# Solve limit for a

Determine a so that: $$\lim_{x\to0} \frac{\tan(ax)}{\sin(x)} = 2$$

So far, I have used the L'hopital rule:

$$\frac{\frac{1}{a \cos(x)}}{\cos(x)} = \frac{1}{a \cos^3(x)} = 2$$

But I am not sure if this is the right way of solving this limit. Can anyone help me?

• Are you sure the limit is to $\infty$, not to $0$? – Toby Mak Apr 11 at 7:21
• @TobyMak you're right, my bad! – Julius Apr 11 at 7:53

Assuming, as Toby Mark suggests, that $$x$$ tends to $$0$$, it should be $$a=2$$. One way to show it is indeed l'Hôpital's rule: $$\lim_{x\to0}\frac{\tan(ax)}{\sin(x)}=\frac{\tan0}{\sin0}=\frac{0}{0}\stackrel{\text{l'H}}{=}\lim_{x\to0}\frac{\frac{a}{\cos^2(ax)}}{\cos(x)}=\lim_{x\to0}\frac{a}{\cos^2(ax)\cos(x)}=\frac{a}{\cos^20\cos0}=a.$$
If yor limit is for $$x\rightarrow 0$$ then from the Mclaurin expansion (this is the reason why it is important that the limit is for $$x$$ that goes to $$0$$, since for $$x$$ that goes to $$\infty$$ you can't apply this result) of the two functions involved in the limit we have: $$\tan{ax}=ax+\frac{(ax)^3}{3}+o(x^3)$$ $$\sin{x}=x-\frac{x^3}{6}+o(x^3)$$ So $$\lim_{x\to 0}\frac{\tan{ax}}{\sin{x}}=\lim_{x\to 0} \frac{ax+\frac{(ax)^3}{3}+o(x^3)}{x-\frac{x^3}{6}+o(x^3)}=\lim_{x\to 0}\frac{ax}{x}=a=2\iff a=2$$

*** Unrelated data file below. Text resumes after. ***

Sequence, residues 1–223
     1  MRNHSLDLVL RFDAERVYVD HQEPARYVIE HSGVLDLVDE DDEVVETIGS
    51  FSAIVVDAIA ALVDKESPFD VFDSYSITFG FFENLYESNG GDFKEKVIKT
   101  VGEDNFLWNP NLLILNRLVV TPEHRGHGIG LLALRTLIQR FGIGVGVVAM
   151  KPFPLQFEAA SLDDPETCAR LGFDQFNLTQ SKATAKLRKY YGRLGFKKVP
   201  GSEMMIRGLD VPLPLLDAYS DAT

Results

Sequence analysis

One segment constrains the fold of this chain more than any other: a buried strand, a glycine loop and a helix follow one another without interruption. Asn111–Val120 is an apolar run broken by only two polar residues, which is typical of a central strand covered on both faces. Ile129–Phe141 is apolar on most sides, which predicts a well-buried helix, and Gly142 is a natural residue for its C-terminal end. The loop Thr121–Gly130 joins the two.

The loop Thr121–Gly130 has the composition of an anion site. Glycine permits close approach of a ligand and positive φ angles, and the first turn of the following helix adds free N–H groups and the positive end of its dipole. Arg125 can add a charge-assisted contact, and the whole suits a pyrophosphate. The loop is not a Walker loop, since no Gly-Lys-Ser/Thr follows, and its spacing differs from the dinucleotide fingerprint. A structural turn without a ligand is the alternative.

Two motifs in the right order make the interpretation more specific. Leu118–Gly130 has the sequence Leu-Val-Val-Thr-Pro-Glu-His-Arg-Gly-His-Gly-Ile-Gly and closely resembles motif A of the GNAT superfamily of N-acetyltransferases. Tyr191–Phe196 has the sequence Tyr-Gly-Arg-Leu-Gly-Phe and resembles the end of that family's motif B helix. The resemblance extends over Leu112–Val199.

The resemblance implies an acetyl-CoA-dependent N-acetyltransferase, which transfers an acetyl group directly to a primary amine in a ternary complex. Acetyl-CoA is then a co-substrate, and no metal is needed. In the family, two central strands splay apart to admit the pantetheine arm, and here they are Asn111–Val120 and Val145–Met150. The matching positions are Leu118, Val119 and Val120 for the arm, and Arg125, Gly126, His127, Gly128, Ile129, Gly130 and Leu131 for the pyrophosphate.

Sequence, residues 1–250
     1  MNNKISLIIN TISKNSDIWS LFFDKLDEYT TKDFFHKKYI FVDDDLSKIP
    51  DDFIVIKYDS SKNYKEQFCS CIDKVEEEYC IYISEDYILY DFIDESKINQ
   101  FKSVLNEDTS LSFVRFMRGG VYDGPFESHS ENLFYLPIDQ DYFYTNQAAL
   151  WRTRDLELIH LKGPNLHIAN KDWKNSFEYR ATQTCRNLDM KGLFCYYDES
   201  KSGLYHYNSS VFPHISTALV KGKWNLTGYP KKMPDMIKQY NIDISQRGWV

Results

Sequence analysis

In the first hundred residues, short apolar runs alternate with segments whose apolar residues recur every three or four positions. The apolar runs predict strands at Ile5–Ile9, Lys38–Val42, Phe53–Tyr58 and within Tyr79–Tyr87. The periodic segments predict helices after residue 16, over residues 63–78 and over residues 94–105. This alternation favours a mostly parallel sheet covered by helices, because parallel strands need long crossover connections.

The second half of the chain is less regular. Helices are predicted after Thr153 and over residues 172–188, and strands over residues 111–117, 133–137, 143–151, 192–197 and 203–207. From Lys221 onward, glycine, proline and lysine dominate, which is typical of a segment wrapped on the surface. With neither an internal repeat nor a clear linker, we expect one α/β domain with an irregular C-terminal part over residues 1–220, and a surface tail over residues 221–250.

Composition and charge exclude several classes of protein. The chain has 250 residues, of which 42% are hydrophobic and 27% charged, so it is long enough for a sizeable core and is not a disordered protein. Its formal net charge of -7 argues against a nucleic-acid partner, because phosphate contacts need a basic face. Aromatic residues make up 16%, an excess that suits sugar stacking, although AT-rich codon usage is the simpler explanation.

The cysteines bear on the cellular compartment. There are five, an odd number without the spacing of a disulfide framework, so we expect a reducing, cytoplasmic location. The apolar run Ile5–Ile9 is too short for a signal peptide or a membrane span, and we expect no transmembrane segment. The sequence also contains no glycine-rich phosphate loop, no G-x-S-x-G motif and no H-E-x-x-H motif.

L'Hopital's rule can be used because we have a $$\frac{0}{0}$$ form, but the derivative of $$\tan(ax)$$ is not $$\frac{1}{a \cos x}$$.
If it helps, let $$u = ax$$, so $$\frac{d}{dx} \tan(u) = \frac{d}{du} \frac{du}{dx} \tan(u) = \frac{d}{du} \tan(u) \cdot \frac{du}{dx}$$ by the chain rule. Then the derivative is $$\sec^2(u) \cdot a = a \sec^2(ax)$$, using $$u = ax$$ again.
$$\lim_{x \to 0} \frac{a \sec^2(ax)}{\cos(x)} = \frac{a \sec^2(0)}{\cos(0)} = \frac{a \cdot 1}{1} = 2 \iff a=2.$$